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Critical essay on the theatre visit to see 'The Woman In Black'

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Introduction

Critical essay on the theatre visit to see 'The Woman In Black'- November 2001 The play 'The Woman in Black' was written in 1987 by Stephen Mallatratt and is set in the inter-war period in England. The set, costume and colours used were all from this period all reflected this period. The play is based on the novel written by Susan Hill and has been showing at the Fortune Theatre for over twelve years. The stage was split into three in order to make the most of the limited space provided. A gauze sheet that allowed the set behind the gauze to be hidden unless a light was on the set separated each section of the stage. The set was also able to change from one location to another with the removal of a sheet or changing the position of a basket. The basket was the focal point of the set, and showed clearly where the play was located in each scene. It changed from being a case for papers, to a table, from a bed to a horse carriage and from an altar to a train seat. The different uses of the basket were effective and focused the audience to the location of the scene. ...read more.

Middle

The particular unexpected nature of the train moving through the tunnel was a way of showing the audience that this journey north would not be a good thing. The play increased its tension at the funeral. The appearance of 'The Woman in Black', walking through the auditorium, amongst the audience then onto the stage, caused the whole auditorium to feel cold and uninviting. The change in tempo from the fast train to the slow pace of the haunting appearance of the ghost built the tension due to the inability to predict the play due to the constant change in tempo. Other effects that built the tension were the repetitive use of the sound effects such as the sound of the horse and carriage crossing the gorse-way and drowning. This repetitive use of the sound effects caused the audience to be unable to tell whether the sound of the horse and carriage was that of safety or that or danger. It was a horse and carriage that save Mr. Kipps each time but also the ghostly appearance of the horse and carriage that haunted him. The uncertainty of the outcome of the horse and carriage was a very powerful tool that was used and built the tension to a dramatic climax successfully. ...read more.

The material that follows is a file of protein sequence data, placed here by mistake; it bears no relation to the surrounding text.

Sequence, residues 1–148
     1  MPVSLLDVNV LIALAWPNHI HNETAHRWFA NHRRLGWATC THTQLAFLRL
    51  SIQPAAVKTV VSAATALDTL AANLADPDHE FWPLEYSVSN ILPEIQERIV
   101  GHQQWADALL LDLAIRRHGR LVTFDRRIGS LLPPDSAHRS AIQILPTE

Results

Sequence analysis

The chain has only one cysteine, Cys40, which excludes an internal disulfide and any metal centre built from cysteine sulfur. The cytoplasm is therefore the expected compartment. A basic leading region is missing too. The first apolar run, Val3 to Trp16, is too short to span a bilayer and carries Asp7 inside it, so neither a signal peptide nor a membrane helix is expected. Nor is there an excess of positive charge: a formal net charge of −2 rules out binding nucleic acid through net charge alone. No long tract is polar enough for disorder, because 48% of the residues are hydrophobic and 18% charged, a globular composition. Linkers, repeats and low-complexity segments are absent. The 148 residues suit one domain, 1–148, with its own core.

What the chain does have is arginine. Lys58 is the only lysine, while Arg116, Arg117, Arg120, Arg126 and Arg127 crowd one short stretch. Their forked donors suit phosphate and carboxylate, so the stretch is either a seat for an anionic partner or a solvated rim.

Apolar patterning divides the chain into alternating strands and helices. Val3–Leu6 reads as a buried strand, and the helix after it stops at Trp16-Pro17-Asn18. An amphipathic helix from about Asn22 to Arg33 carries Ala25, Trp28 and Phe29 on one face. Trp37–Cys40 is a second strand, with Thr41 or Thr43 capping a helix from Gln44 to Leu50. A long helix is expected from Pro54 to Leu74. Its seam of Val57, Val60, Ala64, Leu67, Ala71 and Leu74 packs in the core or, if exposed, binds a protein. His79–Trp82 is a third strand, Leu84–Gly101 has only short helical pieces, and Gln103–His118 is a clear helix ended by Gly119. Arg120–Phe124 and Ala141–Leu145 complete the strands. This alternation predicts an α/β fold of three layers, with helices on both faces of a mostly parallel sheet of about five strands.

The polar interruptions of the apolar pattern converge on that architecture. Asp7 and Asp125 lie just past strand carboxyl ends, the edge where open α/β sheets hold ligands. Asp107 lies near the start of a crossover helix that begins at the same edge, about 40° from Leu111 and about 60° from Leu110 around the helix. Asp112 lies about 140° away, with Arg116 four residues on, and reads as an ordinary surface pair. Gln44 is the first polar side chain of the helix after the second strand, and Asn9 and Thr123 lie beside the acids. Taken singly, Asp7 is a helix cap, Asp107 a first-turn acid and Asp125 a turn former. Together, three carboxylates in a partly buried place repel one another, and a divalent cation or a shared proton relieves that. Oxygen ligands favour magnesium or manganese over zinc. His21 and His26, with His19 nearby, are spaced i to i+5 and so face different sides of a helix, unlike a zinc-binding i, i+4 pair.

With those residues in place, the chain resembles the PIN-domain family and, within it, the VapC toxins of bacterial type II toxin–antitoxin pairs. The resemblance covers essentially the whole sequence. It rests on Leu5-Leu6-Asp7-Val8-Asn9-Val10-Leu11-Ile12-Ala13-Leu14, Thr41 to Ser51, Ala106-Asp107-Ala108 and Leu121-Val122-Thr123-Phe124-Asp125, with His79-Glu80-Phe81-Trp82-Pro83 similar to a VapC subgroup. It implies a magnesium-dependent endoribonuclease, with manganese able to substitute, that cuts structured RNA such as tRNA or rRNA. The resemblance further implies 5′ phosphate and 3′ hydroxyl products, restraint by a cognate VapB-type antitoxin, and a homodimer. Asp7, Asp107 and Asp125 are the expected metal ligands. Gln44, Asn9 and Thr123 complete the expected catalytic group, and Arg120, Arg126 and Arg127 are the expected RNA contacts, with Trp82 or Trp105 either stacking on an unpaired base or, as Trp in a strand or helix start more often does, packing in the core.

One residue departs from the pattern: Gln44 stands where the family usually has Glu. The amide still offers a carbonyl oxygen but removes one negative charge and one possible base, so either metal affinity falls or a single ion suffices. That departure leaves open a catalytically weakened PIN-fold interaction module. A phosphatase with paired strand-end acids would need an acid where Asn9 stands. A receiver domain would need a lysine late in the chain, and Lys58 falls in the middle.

Conclusion

The audience screamed, gasped and sunk back into their seats with fear. The anger in the woman's face and the sound of the violent rocking chair has remained in my mind, so therefore I feel that it is the strongest moment. In contrast to this dramatic and tormenting scene, I do not feel that there is a particular weak moment in the play that stood out in my mind. The superb acting and simple but effective sound effects eventuated with a dramatic and very successful performance that is not easy to fault. The performance worked so well that I left the theatre having been scared in a way that I have never been scared before. No film or play previous to this performance has left me with a permanent image, but this performance of 'The Woman in Black' left me with the image of the face of the woman in any dark area. The impact of the play on the audience that evening was immense and unlike anything that I have experienced before, the simplicity of the play alongside superb acting caused this reaction to the play. It is an amazing play and it is possible to see why it has been so success for thirteen years and is likely to continue in the same way for many years to come. ...read more.

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